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Working remotely

One piece of advice I once read (sadly, I cannot remember where), which kinda stuck, was this: “Wear pants”. What it means is that even though you work from home, you should dress and behave as if you were at the office. You should be prepared to have the boss come through the door any minute! You need to be structured in the way you work from home.

When I work remotely, I normally work from a home office, which is where I live. Some people work from co-working offices or similar, but my experience is (mostly) from home offices.

Where I come from, in Norway, when people say they are working from home, that usually means an off day. :) So when I tell people that I work from home, they often associate that with me not really working, or just working a little each day. This is, in my experience, what people who usually travel to work every day (let’s call them office workers) think I am doing, if they do not know me that well.

One piece of advice I once read (sadly, I cannot remember where), which kinda stuck, was this: “Wear pants”. What it means is that even though you work from home, you should dress and behave as if you were at the office. You should be prepared to have the boss come through the door any minute! You need to be structured in the way you work from home.

There are pros and cons of working remotely, however. I think some tasks are easier when talking to people face-to-face, such as planning. If you are doing a team planning meeting and one or more of your team members are working remotely, I have found that it is usually best that everyone is acting remote. That means that you should not put a screen in the middle of the room and have that screen be the remote team member. Everyone should put on their headphones and “be remote”. This way, it is easier for people to hear what is going on, plus they feel more included.

You also lose out on the creative ideas that can emerge while socializing, peer programming or just by being around other people at work. This is the biggest con for me when working remotely. I need to feed that creative process in other ways. I try to go out for lunch as much as possible, preferably not alone, talk with people at the gym, go to Meetups, etc. Also, I read. A lot.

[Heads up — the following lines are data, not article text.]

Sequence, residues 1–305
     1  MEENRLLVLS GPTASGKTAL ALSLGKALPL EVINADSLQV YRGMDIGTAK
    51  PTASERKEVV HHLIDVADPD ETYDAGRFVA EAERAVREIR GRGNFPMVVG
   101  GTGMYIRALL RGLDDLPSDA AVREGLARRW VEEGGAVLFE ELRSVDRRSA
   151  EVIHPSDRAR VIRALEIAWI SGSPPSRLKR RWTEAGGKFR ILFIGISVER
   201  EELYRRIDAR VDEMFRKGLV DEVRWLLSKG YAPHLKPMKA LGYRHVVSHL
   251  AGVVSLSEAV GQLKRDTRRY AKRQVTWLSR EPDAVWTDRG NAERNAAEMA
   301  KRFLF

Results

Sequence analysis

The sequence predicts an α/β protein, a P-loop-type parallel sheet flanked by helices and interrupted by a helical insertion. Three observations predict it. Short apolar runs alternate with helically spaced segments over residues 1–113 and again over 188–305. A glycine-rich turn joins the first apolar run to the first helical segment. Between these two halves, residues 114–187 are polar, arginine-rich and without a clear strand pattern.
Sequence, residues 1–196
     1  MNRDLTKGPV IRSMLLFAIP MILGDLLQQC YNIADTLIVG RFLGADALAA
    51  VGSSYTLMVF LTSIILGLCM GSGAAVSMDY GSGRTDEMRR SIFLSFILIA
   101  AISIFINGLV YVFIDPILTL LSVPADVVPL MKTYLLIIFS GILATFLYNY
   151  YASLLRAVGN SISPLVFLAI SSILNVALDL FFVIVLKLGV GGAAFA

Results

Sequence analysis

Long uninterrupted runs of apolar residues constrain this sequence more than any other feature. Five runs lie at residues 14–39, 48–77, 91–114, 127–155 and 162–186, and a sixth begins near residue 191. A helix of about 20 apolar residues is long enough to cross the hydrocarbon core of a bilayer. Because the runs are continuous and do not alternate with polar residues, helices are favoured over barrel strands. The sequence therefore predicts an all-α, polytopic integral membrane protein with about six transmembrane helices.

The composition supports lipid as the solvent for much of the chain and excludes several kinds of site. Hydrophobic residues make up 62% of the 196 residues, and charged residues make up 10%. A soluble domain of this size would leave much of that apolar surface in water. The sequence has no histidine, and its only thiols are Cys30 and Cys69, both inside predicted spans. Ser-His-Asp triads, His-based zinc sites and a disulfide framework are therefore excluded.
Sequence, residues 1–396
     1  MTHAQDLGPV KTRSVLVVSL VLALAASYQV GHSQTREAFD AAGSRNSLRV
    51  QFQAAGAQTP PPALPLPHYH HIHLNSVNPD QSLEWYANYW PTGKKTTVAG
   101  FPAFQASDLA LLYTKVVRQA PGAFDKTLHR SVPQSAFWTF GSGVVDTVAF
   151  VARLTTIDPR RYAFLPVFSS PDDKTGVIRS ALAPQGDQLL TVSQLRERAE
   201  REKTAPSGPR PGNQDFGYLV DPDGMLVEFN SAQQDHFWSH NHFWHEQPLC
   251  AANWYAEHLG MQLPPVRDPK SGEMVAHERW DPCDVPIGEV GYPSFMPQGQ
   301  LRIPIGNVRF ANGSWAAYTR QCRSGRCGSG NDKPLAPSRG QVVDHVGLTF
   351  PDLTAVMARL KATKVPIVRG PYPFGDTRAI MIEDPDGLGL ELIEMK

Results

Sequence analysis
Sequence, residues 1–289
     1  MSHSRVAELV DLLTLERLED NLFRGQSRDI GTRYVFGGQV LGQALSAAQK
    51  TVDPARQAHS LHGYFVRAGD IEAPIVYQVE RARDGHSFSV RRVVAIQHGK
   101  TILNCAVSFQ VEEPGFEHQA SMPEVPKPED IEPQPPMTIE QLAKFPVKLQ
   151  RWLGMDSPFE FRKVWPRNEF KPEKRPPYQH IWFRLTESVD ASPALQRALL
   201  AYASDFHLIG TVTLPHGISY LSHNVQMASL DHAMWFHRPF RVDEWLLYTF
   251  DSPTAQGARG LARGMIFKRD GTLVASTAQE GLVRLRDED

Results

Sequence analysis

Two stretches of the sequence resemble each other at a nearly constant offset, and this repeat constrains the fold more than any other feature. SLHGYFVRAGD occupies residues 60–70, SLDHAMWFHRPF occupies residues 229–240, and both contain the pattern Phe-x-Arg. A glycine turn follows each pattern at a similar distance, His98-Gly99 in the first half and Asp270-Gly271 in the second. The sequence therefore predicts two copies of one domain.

For me personally, I find that the biggest advantage of working remotely is that I can focus for long periods of time without being interrupted. I find that I am very productive when I can schedule my own time and work long and focused sessions, then take a longer break. For more info/tips about how to really get some good work done, I can highly recommend the book Deep Work by Cal Newport. By applying his method, I can easily have long periods of undisturbed work sessions, which is very important in my profession as a programmer.

Why you should never interrupt a programmer

If you have trouble focusing, one way of improving your work sessions without being interrupted can be to try out the Pomodoro technique, which is a technique to help you manage your time spent working.

Change in scenery is important once in a while, not just for remote workers, but for everyone. If you have become too comfortable for a longer period of time, you should try to get uncomfortable again, for example by moving to a different country, which in my opinion is one of the best ways to get out of your comfort zone. If you stay comfortable, you will never evolve, but become stagnant.

This is true for many aspects of life, and it is also very applicable to my line of work. If I get too comfortable using certain tools, languages or techniques, I become hesitant to learn new stuff. Why would I when I am comfortable doing what I do? New stuff just means more work. This is a dangerous trap to fall into.

Personally, I am glad to see that it is more and more common that people are allowed, or have the opportunity, to work from wherever they feel that they can do the best work possible. In recent years, I have seen an increase in articles which embrace working remotely. Recruiters increasingly have more remote work available as well. I strongly believe people do their best work when they are allowed to choose their own surroundings (I love my colleagues!).

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